However, the lack of nasal loss in this example is probably because it is a plural genitive (see below).

Nasals (m, n): We have no examples of mixed mutation for m. However, David Salo suggested (GS/79) the still-nasalized spirantal would be renasalized to m: enǝ·m > enǝ·ṽ > en·ṽ > en·m > e·m, as in *e mereth “of the feast (mereth)”. As for n, it would show no mutation, but we would expect to see nasal loss. However, this is contradicted by our only example:

Unlike with faroth above, we don’t have the excuse of this being a plural form, so it isn’t clear what is going on here.

Voiceless Sounds (hw, lh, rh): The phonetic developments here are unclear. On a purely phonological basis we would expect to see en·chw, en·thl, en·thr as the mixed mutations of hw, lh, rh. However, we have one possible example of a mixed mutation for a voiceless liquid that contradicts this:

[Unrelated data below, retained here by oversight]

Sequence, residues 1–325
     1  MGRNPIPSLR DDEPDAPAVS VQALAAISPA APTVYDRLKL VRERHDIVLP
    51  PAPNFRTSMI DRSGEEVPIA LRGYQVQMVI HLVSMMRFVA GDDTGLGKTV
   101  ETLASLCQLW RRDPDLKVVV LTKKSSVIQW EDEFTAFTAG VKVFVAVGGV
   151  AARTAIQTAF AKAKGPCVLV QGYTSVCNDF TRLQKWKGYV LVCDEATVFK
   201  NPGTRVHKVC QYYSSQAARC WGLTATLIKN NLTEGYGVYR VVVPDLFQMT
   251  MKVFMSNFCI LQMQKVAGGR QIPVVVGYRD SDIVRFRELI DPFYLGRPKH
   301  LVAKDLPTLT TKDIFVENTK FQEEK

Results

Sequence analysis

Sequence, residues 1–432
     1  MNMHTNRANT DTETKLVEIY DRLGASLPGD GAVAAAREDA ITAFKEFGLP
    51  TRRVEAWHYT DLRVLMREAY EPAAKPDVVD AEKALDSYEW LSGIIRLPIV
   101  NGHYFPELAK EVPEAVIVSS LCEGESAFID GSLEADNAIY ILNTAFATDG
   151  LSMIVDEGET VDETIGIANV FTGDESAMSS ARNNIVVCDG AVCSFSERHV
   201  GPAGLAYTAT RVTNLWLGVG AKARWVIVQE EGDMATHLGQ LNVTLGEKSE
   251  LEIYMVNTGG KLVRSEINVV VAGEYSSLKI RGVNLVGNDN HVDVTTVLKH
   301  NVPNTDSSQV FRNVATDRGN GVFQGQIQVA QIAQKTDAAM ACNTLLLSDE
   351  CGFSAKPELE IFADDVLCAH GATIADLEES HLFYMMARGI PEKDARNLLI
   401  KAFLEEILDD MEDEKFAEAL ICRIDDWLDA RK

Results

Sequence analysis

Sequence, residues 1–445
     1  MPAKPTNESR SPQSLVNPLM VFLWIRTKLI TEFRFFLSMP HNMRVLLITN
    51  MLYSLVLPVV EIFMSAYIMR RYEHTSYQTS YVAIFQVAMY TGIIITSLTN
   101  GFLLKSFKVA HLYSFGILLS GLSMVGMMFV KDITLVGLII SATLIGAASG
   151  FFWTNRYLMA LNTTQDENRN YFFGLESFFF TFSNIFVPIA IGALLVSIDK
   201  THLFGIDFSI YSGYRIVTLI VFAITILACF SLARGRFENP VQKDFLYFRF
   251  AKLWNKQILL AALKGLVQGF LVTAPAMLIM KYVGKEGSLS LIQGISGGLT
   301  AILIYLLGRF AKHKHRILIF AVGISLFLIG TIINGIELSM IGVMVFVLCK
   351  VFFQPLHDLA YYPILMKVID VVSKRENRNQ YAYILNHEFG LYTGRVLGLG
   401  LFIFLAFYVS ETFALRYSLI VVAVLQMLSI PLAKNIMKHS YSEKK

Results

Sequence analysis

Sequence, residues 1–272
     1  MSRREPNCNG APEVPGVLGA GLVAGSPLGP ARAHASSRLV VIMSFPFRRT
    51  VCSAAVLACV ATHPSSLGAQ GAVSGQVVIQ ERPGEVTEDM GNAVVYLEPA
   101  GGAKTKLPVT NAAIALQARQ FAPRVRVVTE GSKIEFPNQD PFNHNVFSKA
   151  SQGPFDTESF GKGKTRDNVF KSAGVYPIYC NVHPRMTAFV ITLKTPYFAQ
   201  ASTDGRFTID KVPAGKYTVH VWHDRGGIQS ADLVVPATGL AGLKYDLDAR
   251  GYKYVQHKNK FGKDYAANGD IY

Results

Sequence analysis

Here ’rach seems to be a mutated form, but it can’t be from **grach, because mixed mutation does not mutate voiced stops. One plausible explanation is that the unmutated form is rhach as suggested by David Salo (GS/284). If so, it is an example of the mixed mutation of the voiceless liquid rh. The general consensus among Neo-Sindarin writers is that this pattern extends to voiceless hw, lh as well: *e-’winn “of the birch (hwinn)”, *e-’lûg “of the snake (lhûg)”. We know that the nasal mutations thr, thl of lh, rh are archaic (PE17/147), so perhaps something similar happened with mixed mutation.

Plural Genitives: In a discussion of genitive en (PE17/97), Tolkien said that its “plural form” is enan > en n/, suggesting the plural genitive causes nasal mutation but preserves the nasal in en. Indeed, we do see a number of plural genitives where the preposition en is preserved:

One counter example is paeth e Ngoloðrim “*speech of the Noldor (golodh-class-plural)” (PE17/126).